The neurohypophysis of the pituitary gland secretes the anti-diuretic hormone. Because it stimulates the constriction of blood vessels and results in an increase in blood pressure, it is also called vasopressin.
Antidiuretic Hormone (ADH)
The anti-diuretic hormone acts to maintain blood pressure, blood volume and tissue water content by controlling water. Hence, the concentration of urine excreted by the kidney. It is made by special nerve cells found in an area at the base of the brain known as the hypothalamus. Several factors control the release of anti-diuretic hormone from the pituitary gland into the bloodstream.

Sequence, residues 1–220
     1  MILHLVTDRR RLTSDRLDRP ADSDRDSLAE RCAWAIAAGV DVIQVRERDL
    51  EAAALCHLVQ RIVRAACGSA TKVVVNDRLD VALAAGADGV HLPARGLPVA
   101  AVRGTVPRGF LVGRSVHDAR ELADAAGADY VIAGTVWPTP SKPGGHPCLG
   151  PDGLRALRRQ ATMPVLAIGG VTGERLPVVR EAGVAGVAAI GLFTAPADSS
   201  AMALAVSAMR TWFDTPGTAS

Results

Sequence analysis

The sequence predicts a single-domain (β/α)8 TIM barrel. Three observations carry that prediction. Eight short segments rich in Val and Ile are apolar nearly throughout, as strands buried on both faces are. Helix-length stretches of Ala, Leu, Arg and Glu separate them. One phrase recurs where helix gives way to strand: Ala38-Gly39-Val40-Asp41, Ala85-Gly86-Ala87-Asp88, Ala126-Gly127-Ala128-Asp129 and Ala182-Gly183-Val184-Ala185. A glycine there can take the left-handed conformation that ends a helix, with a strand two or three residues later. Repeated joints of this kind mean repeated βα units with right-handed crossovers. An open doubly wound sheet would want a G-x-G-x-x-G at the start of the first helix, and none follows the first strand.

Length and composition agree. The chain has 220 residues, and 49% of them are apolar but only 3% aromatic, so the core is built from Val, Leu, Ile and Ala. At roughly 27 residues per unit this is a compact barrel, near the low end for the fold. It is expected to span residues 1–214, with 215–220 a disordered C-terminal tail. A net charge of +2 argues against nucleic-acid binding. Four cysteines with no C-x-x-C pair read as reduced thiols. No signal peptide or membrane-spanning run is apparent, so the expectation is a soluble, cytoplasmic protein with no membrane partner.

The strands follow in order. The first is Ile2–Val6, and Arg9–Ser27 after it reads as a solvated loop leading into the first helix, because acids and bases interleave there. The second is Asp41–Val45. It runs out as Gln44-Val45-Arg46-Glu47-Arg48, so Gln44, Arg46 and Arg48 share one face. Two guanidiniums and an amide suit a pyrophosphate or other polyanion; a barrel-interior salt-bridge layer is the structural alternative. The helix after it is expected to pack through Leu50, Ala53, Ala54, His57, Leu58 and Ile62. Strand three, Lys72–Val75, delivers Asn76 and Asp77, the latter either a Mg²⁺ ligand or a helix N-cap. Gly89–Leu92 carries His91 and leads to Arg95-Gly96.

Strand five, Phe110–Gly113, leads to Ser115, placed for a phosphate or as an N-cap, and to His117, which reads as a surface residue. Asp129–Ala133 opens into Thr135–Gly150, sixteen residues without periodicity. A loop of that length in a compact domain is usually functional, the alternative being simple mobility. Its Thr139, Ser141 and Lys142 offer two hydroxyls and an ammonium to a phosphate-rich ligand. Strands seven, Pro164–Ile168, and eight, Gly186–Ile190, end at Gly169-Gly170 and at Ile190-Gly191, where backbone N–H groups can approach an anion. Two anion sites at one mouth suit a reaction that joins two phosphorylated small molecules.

- Low levels of the anti-diuretic hormone will cause the kidneys to excrete too much water.
- Low level can cause damage to the hypothalamus or pituitary gland
- Some tumours (particularly lung cancer) can produce anti-diuretic hormone.